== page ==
Culture

Chaos, Hugs and Interruptions: Dev Folks Work from Home with Kids

1 Apr 2020 8:20am, by

If your organization isn’t remote-first from the start, going remote takes careful consideration and planning. But the potentially billions of people in the last month who were given a few hours’ or a few days’ notice to relocate to home offices weren’t given this option.

Learning this new way of working is enough of a challenge. But then daycare and schools closed indefinitely and suddenly we are working from home with kids (Or caring for elderly or at-risk family members). In places like the U.K., kids as young as six are being assigned schoolwork that needs to be returned the same day.

This presents a fresh set of challenges at even the most emblematic remote-first companies. And to top it all off, we are all sharing in a collective trauma and loss that few of us has begun to process and understand.

This article relies on the stories of members of the tech community. It doesn’t pretend to have all the answers. We’re all just living one day at a time. But we hope that it helps make carers in tech feel not alone, and, just maybe it reminds managers to rethink what actually needs to be a meeting and what really could’ve just been an email after all.

The Constant Guilt of Working from Home with Kids

Twenty years ago, Michele Kremen Bolton wrote about the three shifts working mothers face:

  1. The day job
  2. The home work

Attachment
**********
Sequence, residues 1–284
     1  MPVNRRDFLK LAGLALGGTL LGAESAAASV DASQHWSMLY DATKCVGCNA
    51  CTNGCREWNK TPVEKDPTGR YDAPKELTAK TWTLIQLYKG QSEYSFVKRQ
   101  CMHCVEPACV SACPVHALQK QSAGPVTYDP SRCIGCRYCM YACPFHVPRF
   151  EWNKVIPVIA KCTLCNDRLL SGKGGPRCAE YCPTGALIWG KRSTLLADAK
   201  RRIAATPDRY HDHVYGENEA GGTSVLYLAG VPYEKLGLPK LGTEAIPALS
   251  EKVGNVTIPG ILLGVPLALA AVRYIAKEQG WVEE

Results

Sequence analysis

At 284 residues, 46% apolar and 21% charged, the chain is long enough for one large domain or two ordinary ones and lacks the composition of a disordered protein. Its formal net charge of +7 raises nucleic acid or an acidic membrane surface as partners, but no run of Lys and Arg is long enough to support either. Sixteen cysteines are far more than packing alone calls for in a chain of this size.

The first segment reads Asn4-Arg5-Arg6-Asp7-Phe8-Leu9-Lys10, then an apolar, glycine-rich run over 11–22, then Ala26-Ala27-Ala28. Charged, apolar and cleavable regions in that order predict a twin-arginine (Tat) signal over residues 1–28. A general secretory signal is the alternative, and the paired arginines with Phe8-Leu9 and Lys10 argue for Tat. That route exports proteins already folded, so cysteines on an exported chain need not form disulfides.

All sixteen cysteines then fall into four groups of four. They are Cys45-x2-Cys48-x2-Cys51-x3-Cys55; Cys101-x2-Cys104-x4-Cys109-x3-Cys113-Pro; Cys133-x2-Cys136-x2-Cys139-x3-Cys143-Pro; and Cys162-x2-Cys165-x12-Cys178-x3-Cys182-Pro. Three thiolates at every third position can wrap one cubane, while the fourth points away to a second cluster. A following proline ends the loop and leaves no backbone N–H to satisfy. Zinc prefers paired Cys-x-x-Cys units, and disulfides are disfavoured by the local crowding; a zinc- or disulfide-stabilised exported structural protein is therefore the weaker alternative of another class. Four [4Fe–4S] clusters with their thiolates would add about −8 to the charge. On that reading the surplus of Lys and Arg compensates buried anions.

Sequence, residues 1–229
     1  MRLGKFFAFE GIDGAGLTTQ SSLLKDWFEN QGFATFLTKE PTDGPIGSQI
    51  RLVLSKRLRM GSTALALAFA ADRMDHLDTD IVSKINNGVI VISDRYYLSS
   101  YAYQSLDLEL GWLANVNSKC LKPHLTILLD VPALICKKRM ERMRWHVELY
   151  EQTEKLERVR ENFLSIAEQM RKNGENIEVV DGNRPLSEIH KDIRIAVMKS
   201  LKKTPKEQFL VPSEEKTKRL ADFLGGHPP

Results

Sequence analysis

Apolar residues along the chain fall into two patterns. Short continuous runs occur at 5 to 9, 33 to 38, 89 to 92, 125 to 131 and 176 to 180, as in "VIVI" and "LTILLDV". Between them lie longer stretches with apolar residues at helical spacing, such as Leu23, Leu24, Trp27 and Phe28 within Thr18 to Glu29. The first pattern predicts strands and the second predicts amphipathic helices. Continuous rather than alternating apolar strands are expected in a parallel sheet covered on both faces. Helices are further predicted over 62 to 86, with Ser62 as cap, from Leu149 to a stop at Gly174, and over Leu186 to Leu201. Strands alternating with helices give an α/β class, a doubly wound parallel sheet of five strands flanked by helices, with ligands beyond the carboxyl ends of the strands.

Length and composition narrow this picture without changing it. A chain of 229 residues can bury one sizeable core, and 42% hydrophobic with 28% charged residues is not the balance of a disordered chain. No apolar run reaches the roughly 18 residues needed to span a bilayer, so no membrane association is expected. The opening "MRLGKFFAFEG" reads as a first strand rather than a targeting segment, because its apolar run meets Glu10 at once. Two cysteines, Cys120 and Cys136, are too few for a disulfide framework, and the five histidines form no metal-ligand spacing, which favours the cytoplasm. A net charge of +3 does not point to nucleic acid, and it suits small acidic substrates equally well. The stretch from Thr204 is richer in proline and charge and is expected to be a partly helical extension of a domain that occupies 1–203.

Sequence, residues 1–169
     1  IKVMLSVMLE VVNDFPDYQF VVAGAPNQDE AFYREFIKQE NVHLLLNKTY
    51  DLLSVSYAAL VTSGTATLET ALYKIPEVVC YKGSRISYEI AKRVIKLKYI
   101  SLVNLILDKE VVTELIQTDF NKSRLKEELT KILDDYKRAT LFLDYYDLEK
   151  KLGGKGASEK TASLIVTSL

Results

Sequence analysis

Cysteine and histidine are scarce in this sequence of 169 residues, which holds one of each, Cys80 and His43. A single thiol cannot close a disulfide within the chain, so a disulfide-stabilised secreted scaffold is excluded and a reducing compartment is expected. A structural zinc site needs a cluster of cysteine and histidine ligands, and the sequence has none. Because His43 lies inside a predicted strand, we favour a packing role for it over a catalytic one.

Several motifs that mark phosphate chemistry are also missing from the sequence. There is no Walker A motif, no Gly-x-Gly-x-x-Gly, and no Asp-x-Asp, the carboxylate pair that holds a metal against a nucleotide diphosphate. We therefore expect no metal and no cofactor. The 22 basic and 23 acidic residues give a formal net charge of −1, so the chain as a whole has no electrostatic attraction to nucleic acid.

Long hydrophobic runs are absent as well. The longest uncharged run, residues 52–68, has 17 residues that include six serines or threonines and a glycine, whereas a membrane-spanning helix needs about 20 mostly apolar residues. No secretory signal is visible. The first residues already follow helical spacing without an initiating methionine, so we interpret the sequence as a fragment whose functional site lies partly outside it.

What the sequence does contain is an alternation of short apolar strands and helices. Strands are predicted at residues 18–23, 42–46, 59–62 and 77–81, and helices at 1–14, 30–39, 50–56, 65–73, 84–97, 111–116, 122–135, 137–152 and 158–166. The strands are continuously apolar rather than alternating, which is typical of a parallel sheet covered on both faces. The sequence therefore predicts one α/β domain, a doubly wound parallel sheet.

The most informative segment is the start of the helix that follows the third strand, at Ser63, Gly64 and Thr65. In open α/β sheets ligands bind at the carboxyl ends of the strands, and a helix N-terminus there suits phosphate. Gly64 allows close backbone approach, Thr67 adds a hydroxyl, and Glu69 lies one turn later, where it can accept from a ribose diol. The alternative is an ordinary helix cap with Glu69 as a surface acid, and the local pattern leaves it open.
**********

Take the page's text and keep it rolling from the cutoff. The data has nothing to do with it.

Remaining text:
3. The exhausting internal monologue reflecting on the day.

Suddenly all three shifts are running in constant parallel. And carers of all genders are struggling to adjust.

Maureen McElaney has been working from home as a developer advocate at IBM for the past four years. The only thing that changed about her job is this year’s work travel has been canceled. That and daycare closing. Her husband stopped working so that he could be the main carer of their two-and-a-half-year-old, but McElaney’s day is still suddenly filled with distractions.

Woman in a hoodie smiling from a dark basement with her hands out presenting in a Zoom videoconferencing screenshot

“Either she is banging on the door of my office trying to come see me, or screaming at the top of her lungs and running around,” McElaney says of her daughter.

“Not only is it hard to hear people on conference calls but I just feel like my mom brain just can’t turn off all day. I’m constantly wondering if my partner needs my help, if he’s overwhelmed, if my daughter needs me,” she continued.

She is using headphones a lot more and playing white noise, but these are like bandaids.

“There are definitely times I avoid going to the bathroom because I know my daughter is going to see me and want to start playing and I’m just not going to be able to get back to the work thing I’m trying to finish.” — Maureen McElaney, IBM

McElaney’s developer advocate role has always had a pretty flexible schedule, where eight hours could be done across a broader timeframe. Now she’s lucky if she can get six hours in. She scoffs at people who suggest working after toddler bedtime, since by then she’s also wiped out.

She says her boss has been forthright that he doesn’t expect her to have the same output or make it to every meeting. But the pressure on herself to over-deliver in these uncertain times is pervasive. And, since her husband had to put a pause on his own business venture, she is the sole provider. Plus, she is constantly anxious that she isn’t there enough for her child or husband.

“It’s a vicious cycle. Worry about my family, do less work so I can be there for them, then worry about work, throw myself into that. But my brain can’t handle all that at once,” McElaney said.